Key Findings from Mapping the Controversy on the Web1) Four interlinked meta-issues were identified in the web corpus:
Issue 1: How much e-waste is exported from “developed” to “developing” countries?
Issue 2: Should e-waste be exported from “developed” to “developing” countries?
Issue 3: How to regulate e-waste export from “developed” to “developing” countries?
Issue 4: How to implement EPR as a national e-waste management solution?
(See: From Statements to Debates: Meta-Issues on the Web)
2) Meta-actors identified from their URLs show that the categories Journalism (23%), Scientific Community (20%), and Business (19.9%) represent the three most common meta-actors informing the e-waste debate indexed by Google. Not-for-Profit (14%), Government (10%), QUANGOS (7%), and Other (6%) make up the rest. Given the prominence of Journalism actors, StEP members may wish to consider strategies the organization might use to productively contribute more directly to the narratives curated by these actors. (See: From Debates to Actors I: Who makes what statements on the web?)
3) Four key issues over which actors exhibit disagreement were found. These issues are:
How much e-waste is exported from North to South?
How to create an Extended Producer Responsibility [EPR] based national recycling industry?
How to regulate North-South trade?
Should e-waste be traded from North to South at all?
(See: From Debates to Actors II: who makes what statements on the web?)
4) Wikipedia pages appear among the top search results based on the statement used to initiate the controversy map. An analysis of the edit histories of these pages identified three issues over which disagreement amongst Wikipedia contributors exist:
How effective is e-waste related policy?
What qualifies as e-waste?
Perceived dangers of e-waste disposal and processing.
(See: A Detour Through the Wikiweb I and A Detour Through the Wikiweb II)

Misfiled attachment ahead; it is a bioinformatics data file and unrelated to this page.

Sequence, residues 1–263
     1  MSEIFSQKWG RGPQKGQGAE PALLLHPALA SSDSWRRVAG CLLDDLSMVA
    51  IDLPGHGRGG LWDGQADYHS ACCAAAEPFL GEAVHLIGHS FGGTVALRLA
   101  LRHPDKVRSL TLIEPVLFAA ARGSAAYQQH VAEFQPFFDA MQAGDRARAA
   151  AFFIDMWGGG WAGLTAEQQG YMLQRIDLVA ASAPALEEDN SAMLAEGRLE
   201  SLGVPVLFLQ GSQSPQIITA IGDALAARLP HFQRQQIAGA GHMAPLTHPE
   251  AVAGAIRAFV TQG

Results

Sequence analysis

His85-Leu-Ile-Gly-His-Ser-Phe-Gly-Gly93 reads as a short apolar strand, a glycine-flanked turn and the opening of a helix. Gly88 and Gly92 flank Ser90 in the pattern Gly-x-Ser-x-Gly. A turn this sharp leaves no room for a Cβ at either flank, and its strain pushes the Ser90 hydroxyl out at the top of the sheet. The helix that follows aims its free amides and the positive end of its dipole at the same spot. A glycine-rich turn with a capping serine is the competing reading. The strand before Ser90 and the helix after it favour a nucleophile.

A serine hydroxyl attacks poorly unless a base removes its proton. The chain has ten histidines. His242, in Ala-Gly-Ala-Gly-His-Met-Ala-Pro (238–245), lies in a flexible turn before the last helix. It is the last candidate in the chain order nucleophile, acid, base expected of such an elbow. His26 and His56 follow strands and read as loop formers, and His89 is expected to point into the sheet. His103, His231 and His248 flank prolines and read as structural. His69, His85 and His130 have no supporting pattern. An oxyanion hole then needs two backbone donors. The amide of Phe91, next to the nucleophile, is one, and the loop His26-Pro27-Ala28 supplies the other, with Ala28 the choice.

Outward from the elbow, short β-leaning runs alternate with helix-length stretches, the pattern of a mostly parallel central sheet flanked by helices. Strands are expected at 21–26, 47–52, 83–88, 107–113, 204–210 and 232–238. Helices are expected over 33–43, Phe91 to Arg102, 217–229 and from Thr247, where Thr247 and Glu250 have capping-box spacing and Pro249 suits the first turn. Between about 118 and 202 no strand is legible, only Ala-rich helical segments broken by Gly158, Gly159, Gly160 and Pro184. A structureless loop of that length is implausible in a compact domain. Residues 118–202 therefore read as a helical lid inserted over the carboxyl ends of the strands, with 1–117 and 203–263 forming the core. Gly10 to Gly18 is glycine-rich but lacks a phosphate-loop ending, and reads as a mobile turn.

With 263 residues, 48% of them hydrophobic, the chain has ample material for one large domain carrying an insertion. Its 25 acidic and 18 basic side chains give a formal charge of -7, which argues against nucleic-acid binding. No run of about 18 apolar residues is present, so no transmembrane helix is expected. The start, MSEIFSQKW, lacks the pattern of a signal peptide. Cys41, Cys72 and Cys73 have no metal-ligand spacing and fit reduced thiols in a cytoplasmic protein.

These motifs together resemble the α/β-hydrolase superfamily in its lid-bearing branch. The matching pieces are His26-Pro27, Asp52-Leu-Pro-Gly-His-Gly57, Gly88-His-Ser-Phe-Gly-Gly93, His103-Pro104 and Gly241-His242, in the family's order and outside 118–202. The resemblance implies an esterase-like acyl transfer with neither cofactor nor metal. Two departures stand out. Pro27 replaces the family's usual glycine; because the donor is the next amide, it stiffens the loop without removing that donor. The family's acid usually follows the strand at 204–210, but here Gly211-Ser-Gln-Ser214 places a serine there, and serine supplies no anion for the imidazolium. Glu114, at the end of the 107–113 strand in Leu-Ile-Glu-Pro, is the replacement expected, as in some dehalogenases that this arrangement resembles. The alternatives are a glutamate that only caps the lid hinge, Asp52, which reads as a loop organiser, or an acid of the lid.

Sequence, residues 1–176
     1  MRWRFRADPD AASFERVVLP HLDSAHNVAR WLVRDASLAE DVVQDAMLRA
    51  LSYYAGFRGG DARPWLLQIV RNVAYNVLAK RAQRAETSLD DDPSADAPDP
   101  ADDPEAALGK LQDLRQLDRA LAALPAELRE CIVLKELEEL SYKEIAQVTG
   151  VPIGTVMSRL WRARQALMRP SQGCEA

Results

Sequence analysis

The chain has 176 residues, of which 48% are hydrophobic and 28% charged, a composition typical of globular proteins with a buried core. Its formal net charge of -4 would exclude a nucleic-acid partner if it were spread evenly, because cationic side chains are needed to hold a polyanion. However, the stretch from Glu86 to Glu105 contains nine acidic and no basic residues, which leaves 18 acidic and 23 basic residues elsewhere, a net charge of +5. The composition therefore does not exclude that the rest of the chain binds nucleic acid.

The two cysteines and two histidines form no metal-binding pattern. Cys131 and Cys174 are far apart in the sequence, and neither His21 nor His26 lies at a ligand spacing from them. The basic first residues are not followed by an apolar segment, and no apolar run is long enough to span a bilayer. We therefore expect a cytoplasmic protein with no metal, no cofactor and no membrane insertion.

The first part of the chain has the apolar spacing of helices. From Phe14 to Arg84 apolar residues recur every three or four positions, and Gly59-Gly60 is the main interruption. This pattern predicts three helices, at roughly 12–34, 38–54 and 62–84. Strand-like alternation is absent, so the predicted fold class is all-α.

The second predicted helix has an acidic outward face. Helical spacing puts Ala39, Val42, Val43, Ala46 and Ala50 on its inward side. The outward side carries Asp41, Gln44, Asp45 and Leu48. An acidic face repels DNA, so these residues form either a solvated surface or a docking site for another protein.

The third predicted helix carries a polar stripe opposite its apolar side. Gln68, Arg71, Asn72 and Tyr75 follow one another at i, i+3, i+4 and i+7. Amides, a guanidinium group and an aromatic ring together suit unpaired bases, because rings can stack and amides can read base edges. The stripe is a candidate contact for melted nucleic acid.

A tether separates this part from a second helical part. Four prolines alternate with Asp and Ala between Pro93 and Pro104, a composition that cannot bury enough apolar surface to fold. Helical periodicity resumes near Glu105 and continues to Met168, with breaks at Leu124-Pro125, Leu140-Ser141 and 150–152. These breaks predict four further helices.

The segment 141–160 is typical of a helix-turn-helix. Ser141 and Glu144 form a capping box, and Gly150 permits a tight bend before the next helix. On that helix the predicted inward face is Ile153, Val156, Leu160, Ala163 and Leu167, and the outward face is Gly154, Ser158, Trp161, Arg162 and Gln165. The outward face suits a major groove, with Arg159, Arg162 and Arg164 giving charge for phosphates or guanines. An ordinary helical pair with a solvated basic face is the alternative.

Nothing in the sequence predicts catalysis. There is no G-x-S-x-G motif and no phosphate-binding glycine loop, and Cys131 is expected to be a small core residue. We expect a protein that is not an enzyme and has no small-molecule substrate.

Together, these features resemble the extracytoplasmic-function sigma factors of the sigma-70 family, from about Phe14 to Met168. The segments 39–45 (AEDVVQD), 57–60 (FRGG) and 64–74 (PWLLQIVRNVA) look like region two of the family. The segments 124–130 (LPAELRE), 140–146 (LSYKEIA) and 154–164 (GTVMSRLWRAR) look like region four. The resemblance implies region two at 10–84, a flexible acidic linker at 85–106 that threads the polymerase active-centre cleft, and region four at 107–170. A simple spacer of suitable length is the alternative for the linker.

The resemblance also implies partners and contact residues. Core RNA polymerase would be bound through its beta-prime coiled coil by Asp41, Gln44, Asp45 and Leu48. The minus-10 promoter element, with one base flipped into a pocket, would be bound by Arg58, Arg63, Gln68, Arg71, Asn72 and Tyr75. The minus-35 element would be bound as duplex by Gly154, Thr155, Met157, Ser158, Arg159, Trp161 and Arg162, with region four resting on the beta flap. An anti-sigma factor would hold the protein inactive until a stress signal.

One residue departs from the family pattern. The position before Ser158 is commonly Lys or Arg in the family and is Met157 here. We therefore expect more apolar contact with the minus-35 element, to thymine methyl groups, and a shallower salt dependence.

5) The two most prominent websites in terms of receiving inlinks from other webpages in the corpus are the Basel Action Network (BAN) and the US Environmental Protection Agency (EPA). Both these organizations receive the same number of inlinks from other websites in the corpus, a remarkable finding given the very different relative sizes of these organizations in terms of number of employees and budgets. Other important organizations appear in the network of actors, including the Basel Convention, the United Nations Environmental Programme [UNEP], and United Nations University [UNU]. Yet all of these latter organizations receive fewer inlinks than do BAN or EPA. (See: From Actors to Networks on the Web)
6) The vast majority of meta-actors webpages are hosted on servers in the United States or Western Europe. Only three of the total URLs identified in the study [approximately 1200] are hosted on servers anywhere in Africa. Thus, the Anglophone web indexed by Google.com is very unlikely to return results presenting views from Africa even when they are written in English. This finding poses important question for those interested in the transboundary e-waste issue: who speaks for and about whom? On whose terms and under what conditions? (See: From Networks to Locations)
Key Findings from Mapping the Controversy on the Scholarly Web1) ‘Recycling’ is the most prominent keyword used by authors to situate their published research. In contrast, only three of 456 references use the keyword ‘reuse’ to situate their work. None relate e-waste to ‘manufacturing’ or ‘design’. (See: Main authors, keywords, and journals, The landscape of keywords, and Scholarly debates over time)
2) Seven issues comprise the areas of debate amongst scholars identified in the scholarly corpus:
Appropriateness of analytical concepts
Governance | Regulation
Substitutability of non-hazardous materials
(See: Debates in the scholarly literature)